So by firing the argument (value 0-179) as above to that address I can control the servo – how about doing this remotely via a mobile – for now we’ll assume internal addresses so this would only work within the area covered by the router… but I’m sure you’ve already considered world-wide servo domination.

The image below pretty much covers it – in the web browser I dropped a slider into the NETIO main screen.


The only thing missing here is the code for the slider. Click on the slider and…


(I’m pretty sure I should have made that max value 179 but whatever… it works) So I have set the slider to emit code /servo?value={value} where {value} gets replaced by the actual slider position as you run the app and move the slider around – add that to the address in the main panel and you have exactly the same result as we saw higher up this blog entering the value into a browser manually. Hence… here I am moving the slider around on my Android phone – the result in the debug serial window is:


And as this happens the actual servo is rotating back and forth up to 180 degrees. Whether this powers a piece of paper or a ton of concrete is down to the servo!!!

This is of course trivial – the same APP could control a whole HOST of sliders and the ESP8266 code could perform all sorts of transforms on that data – an ESP8266 spider could be fun (I got that idea from the giant cockroach which appeared on the floor while we were experimenting at MIT)! A nice addition to that code might be a timing arrangement to smooth the value change as moving your finger across a phone tends to produce slightly jerky results.  If you were using this for a window opener or other visual toy…..

When I get a minute I’ll do a video of this for YouTube – in terms of development, if you have everything to hand you could have this all running from scratch within 10 minutes, it is that easy.

My thanks to Ivan for bringing the ESP8266-Arduino environment to my attention – I talked about this ages ago when it was new but at the time was not that impressed – today – hell yes this is a very easy way to get quick results with ESP8266. If you have any code issues, Ivan is really approachable.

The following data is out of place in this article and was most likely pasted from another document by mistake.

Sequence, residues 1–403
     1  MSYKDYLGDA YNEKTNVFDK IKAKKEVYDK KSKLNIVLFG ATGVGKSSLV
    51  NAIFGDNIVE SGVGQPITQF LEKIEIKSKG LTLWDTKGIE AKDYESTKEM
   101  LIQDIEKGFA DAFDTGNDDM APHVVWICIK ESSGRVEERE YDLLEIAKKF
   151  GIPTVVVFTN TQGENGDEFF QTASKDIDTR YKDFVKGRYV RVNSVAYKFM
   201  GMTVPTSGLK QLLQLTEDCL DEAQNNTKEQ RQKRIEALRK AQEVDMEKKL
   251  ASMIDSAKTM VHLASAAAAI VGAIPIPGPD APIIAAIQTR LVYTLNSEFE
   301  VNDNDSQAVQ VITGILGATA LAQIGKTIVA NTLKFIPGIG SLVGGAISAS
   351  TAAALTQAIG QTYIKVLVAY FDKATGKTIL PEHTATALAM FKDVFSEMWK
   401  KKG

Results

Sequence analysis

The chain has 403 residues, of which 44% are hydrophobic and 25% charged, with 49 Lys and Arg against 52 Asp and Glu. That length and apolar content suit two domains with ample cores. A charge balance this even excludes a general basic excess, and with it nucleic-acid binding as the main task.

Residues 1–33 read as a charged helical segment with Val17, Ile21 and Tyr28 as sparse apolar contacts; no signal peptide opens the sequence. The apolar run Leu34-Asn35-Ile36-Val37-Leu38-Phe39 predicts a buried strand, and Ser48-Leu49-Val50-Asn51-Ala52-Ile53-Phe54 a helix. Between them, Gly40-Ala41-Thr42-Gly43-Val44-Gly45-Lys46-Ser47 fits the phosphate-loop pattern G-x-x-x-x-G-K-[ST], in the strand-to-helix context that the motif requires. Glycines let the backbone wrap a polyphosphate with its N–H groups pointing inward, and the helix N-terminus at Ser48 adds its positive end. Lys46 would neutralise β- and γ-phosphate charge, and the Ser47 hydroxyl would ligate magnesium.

That’s it for now. Just back from the states to our little village and I’m thinking a pint is in order..


6 thoughts on “ESP8266 Arduino NetIO Server Demo

  1. Hi Peter

    I see you were using NodeMCU devices.
    I have just received mine in the form of ESP12E Devkit.

    I was trawling the net to find information on it and found this User Manual

    Hopefully this will be of use to your ‘readers’.

    The info is not complete, it does give a full list of pinouts, but it does give info on what I hope is the external power input.
    The other thing missing is what LEDs are on which output (if any!). Can anybody can point to this info?

  2. Hi,
    Tried the ESP board add in for Arduino IDE but I get an error during compiling, it looks like I need Windows 64 bit, is that true?


    1. Can you paste up the error message ? (Presumably you’ve changed the “Board Type” in the IDE Tools menu to be an ESP8266 based board ?)

      1. Figured it out, I had an ‘Hardware’ folder in my sketch folder in my dropbox folder with some old ESP files inside, I deleted this folder an all works OK now.